Ethiopia’s church forests need cultural revival

Mar 12, 2019, 7:57 AM EDT
(Source: Rod Waddington/flickr)
(Source: Rod Waddington/flickr)

The uninterrupted swathes of lush green forests in northern Ethiopia have faded into sporadically distributed patches of trees, each of which encircle an Ethiopian Orthodox Church. There are 1,022 such sacred forests in Ethiopia’s South Gondar region, bearing testimony to an ongoing assault by human disturbances that are reducing species richness, density, and biomass.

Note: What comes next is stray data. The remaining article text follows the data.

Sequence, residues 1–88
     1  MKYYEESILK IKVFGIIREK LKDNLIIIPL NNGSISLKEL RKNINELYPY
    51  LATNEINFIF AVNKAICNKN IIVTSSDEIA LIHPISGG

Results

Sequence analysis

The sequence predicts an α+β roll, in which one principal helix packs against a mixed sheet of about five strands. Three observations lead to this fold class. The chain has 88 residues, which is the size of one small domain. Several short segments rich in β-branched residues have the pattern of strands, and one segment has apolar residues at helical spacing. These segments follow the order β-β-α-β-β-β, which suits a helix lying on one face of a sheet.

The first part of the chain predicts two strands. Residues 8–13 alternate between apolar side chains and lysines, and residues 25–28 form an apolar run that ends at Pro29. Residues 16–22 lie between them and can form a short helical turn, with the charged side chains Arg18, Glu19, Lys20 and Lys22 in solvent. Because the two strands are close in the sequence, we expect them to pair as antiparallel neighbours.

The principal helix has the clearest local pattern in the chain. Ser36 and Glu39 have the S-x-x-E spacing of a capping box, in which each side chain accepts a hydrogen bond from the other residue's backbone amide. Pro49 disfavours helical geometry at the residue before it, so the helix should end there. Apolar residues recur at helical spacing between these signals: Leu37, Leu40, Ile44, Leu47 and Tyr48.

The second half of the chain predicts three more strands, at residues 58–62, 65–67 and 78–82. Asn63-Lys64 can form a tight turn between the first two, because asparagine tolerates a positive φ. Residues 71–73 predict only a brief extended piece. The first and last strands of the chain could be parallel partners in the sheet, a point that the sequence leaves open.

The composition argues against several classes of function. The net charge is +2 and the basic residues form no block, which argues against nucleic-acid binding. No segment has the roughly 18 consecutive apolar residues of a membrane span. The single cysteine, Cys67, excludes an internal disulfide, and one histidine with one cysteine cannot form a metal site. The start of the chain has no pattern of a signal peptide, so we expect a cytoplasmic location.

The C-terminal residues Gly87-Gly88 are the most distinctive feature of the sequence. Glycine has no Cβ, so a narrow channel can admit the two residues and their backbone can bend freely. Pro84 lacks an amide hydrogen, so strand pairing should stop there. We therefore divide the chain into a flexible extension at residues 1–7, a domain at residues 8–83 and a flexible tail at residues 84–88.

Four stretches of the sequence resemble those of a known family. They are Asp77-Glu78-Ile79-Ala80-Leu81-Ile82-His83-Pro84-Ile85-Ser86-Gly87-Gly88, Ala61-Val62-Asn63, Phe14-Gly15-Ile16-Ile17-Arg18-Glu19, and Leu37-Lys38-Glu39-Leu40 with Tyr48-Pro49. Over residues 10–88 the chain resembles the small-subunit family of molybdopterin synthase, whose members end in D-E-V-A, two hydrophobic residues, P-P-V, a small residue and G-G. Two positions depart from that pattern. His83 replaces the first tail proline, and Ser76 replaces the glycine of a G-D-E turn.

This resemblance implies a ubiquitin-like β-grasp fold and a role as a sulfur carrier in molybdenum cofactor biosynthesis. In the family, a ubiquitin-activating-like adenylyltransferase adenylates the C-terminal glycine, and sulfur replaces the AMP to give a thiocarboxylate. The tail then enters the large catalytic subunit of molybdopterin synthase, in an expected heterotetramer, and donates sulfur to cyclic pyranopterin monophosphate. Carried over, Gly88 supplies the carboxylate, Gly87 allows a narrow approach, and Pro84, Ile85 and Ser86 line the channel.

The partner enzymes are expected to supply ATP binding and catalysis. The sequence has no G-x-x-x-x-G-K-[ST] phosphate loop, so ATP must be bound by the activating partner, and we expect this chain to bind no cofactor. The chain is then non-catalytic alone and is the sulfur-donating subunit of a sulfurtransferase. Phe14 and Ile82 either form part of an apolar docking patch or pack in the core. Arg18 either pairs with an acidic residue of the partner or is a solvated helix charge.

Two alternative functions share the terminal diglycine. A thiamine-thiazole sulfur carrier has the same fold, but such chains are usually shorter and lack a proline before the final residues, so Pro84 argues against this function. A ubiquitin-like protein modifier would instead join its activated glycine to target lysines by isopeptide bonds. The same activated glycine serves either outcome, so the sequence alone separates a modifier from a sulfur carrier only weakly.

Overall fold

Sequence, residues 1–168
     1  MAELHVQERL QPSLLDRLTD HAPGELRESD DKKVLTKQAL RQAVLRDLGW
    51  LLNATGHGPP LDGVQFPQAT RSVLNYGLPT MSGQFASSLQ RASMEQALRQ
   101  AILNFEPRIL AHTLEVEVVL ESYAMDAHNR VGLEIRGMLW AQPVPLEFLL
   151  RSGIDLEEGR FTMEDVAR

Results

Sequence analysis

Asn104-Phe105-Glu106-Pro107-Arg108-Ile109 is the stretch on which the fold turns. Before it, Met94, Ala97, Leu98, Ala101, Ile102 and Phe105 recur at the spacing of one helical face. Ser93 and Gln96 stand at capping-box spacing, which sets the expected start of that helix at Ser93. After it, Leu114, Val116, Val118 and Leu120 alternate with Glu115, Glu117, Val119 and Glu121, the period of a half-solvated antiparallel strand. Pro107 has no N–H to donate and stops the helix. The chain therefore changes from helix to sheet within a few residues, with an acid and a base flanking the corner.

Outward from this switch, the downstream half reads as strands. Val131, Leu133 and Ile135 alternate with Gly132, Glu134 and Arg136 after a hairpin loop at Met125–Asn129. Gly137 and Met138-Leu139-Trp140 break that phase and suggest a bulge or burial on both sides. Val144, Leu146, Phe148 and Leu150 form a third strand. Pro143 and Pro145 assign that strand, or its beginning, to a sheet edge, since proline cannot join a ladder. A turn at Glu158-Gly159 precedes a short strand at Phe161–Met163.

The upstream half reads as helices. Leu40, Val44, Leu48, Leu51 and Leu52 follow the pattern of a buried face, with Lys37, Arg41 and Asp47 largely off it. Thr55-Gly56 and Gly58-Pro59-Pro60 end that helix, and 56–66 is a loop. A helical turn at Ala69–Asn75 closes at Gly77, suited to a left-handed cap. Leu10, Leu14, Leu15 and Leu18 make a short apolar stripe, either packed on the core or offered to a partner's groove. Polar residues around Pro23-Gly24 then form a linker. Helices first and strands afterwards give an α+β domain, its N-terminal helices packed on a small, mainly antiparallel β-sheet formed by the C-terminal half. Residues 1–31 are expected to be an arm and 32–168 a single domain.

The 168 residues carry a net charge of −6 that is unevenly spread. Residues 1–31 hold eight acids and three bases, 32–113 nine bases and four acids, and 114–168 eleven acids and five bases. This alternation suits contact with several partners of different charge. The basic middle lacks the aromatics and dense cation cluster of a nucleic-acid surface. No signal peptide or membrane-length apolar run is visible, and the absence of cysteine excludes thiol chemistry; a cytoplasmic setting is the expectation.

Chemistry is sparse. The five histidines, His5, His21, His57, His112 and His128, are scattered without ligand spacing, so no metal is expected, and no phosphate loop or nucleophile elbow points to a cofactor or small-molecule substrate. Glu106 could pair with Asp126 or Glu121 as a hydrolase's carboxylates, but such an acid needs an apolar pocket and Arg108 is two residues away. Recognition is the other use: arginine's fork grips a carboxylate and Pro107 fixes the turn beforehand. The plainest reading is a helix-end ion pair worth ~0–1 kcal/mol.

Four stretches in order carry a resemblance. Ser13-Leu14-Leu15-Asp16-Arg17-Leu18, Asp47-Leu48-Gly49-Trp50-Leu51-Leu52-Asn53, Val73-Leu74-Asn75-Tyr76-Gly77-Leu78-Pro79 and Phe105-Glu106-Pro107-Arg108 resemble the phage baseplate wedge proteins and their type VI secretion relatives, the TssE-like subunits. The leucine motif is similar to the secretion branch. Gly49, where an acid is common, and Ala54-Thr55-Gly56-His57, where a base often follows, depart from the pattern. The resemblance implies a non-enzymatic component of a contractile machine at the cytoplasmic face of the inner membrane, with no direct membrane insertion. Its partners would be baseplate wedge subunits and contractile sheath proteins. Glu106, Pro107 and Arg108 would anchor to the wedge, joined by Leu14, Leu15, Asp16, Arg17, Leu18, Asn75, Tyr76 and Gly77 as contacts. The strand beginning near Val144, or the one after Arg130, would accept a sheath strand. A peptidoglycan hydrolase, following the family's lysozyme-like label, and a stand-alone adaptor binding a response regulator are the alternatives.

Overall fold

For centuries, these forests have existed in a symbiotic relationship with churches. They are, in a way, the boundaries defining and preserving the sacredness of churches and, in return, deriving protection from the community of church-goers — a relationship that stands fouled by certain external factors now, reports Inverse.

Planted exotic species, structures, and walls, built to block grazing animals, have adversely affected the seedling community, writes Science Daily. Since the natural and the spiritual environment in these forests is closely knitted, the scientists recommend culturally-sensitive conservation approaches to protect these last remaining bursts of green in northern Ethiopia.

Unlike conventional models that would advocate limiting human presence at such sites, the focus should be on restorative planting within and between forests, in addition to removing exotic species and weeds.